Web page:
Petkovsek, M. , and Dulaz, M. , 2017, “ Observing the Thermodynamic Effects in Cavitating Flow by IR Thermography,” Exp. Therm. Fluid Sci., 88, pp. 450–460. [CrossRef]
Yamaguchi, Y. , and Iga, Y. , 2014, “ Thermodynamics Effects on Cavitation in High Temperature Water,” ASME Paper No. FEDSM2014-21433.
Iga, Y. , Ochiai, N. , Yoshida, Y. , and Ikohagi, T. , 2009, “ Numerical Investigation of Thermodynamic Effect on Unsteady Cavitation in Cascade,” Seventh International Symposium on Cavitation, Ann Arbor, MI, Aug. 17–22, Paper No. CAV2009-78. https://deepblue.lib.umich.edu/handle/2027.42/84272
Hosangadi, A. , and Ahuja, V. , 2005, “ Numerical Study of Cavitation in Cryogenic Fluids,” ASME J. Fluids Eng., 127(2), pp. 267–281. [CrossRef]
Utturkar, Y. , Wu, Y. J. , and Wang, Y. G. , 2005, “ Recent Progress in Modeling of Cryogenic Cavitation for Liquid Rocket Propulsion,” Prog. Aerosp. Sci., 41(7), pp. 558–608. [CrossRef]
Tseng, C.-C. , and Shyy, W. , 2009, “ Turbulence Modeling for Isothermal and Cryogenic Cavitation,” AIAA Paper No. 2009-1215.
Long, X. , Liu, Q. , Ji, B. , and Lu, Y. , 2017, “ Numerical Investigation of Two Typical Cavitation Shedding Dynamics Flow in Liquid Hydrogen With Thermodynamics Effects,” Int. J. Heat Mass Transfer, 109, pp. 879–893. [CrossRef]
Xue, L. , Ruan, Y. , Liu, X. , Cao, F. , and Hou, Y. , 2017, “ The Influence of Cavitation on the Flow Characteristic of Liquid Nitrogen Through Spary Nozzle: A CFD Study,” Cryogenics, 86, pp. 24–56. [CrossRef]
Chen, T. , Huang, B. , Wang, G. , and Zhao, X. , 2016, “ Numerical Study of Cavitating Flows in a Wide Range of Water Temperature With Special Emphasis on Two Typical Cavitation Dynamics,” Int. J. Heat Mass Transfer, 101, pp. 886–900. [CrossRef]
Zhang, S. , Li, X. , and Zhu, Z. , 2018, “ Numerical Simulation of Cryogenic Cavitating Flow by an Extended Transport Based Cavitation Model With Thermal Effects,” Cryogenics, 92, pp. 98–104. [CrossRef]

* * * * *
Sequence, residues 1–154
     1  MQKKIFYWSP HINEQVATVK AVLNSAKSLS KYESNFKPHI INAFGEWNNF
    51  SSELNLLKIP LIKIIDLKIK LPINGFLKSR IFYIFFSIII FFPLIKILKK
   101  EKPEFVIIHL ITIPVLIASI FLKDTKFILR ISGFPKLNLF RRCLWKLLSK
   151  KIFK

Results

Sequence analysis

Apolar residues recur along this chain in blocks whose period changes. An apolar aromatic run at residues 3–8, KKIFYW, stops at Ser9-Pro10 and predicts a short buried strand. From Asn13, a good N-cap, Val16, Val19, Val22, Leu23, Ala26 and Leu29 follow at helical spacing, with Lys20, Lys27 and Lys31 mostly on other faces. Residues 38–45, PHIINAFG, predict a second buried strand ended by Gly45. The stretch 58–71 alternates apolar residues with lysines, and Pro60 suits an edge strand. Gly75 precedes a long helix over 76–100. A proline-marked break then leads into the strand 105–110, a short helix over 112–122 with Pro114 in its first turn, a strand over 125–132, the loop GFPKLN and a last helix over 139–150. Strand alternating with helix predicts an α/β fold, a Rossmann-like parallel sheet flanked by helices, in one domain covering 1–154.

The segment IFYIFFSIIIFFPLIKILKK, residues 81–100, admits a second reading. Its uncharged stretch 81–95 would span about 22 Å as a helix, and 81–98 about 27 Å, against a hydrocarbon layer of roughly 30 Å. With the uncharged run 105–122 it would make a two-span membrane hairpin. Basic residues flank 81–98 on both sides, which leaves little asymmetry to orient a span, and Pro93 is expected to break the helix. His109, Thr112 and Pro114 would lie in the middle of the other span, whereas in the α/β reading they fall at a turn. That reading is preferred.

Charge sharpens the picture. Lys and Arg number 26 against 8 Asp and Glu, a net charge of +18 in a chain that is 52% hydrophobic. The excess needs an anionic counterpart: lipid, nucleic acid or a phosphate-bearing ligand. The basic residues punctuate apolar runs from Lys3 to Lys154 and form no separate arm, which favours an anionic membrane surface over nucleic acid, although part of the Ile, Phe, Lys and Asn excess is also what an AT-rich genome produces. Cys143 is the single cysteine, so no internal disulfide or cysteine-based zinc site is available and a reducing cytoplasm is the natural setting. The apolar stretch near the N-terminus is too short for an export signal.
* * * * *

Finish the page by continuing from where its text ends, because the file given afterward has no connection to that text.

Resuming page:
Tsuda, S. , Tani, N. , and Yamanishi, N. , 2012, “ Development and Validation of a Reduced Critical Radius Model for Cryogenic Cavitation,” ASME J. Fluids Eng., 134(5), p. 051301. [CrossRef]
Stepanoff, A. J. , 1964, “ Cavitation Properties of Liquids,” ASME J. Eng. Power, 86(2), pp. 195–200. [CrossRef]
Iga, Y. , Nohmi, M. , Goto, A. , Shin, B. R. , and Ikohagi, T. , 2003, “ Numerical Study of Sheet Cavitation Breakoff Phenomenon on a Cascade Hydrofoil,” ASME J. Fluids Eng., 125(4), pp. 643–651. [CrossRef]
Iga, Y. , Nohmi, M. , Goto, A. , and Ikohagi, T. , 2004, “ Numerical Analysis of Cavitation Instabilities Arising in the Three-Blade Cascade,” ASME J. Fluids Eng., 126(3), pp. 419–429. [CrossRef]
Chen, H. T. , and Collins, R. , 1971, “ Shock Wave Propagation Past on Ocean Surface,” J. Comput. Phys., 7(1), pp. 89–101. [CrossRef]
Sugawara, S. , 1993, “ New Steam Table,” J. Jpn. Soc. Mech. Eng., 35(186), pp. 999–1004.
Van Itterbeek, A. , Verbeke, O. , Theewes, F. , Staes, K. , and de Boelpaep, J. , 1964, “ The Difference in Vapour Pressure Between Normal and Equilibrium Hydrogen. Vapour Pressure of Normal Hydrogen Between 200K and 320K,” Physica, 30(6), pp. 1238–1244. [CrossRef]
Wilcox, D. C. , 1994, Turbulence Modeling for CFD, DCW Industries, La Cañada Flintridge, CA.
Beattie, D. R. H. , and Whally, P. B. , “ A Simple Two-Phase Frictional Pressure Drop Calculation Method,” Int. J. Multiphase Flow, 8(1), pp. 83–87. [CrossRef]
Karplus, H. B. , 1957, “ The Velocity of Sound in a Liquid Containing Gas Bubbles,” J. Acoust. Soc. Am., 29(11), p. 1261.
Maccormack, R. W. , 1969, “ The Effect of Viscosity in Hyper-Velocity Impact Cratering,” Fourth Aerodynamic Testing Conference, Cincinnati, OH, April 30–May 2, pp. 69–354.